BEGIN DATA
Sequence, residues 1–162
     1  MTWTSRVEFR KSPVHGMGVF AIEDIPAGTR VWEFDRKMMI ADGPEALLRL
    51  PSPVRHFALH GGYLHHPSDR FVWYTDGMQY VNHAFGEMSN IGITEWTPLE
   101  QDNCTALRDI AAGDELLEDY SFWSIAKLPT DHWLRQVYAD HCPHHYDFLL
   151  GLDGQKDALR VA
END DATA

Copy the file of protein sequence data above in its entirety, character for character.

Sequence, residues 1–162
     1  MTWTSRVEFR KSPVHGMGVF AIEDIPAGTR VWEFDRKMMI ADGPEALLRL
    51  PSPVRHFALH GGYLHHPSDR FVWYTDGMQY VNHAFGEMSN IGITEWTPLE
   101  QDNCTALRDI AAGDELLEDY SFWSIAKLPT DHWLRQVYAD HCPHHYDFLL
   151  GLDGQKDALR VA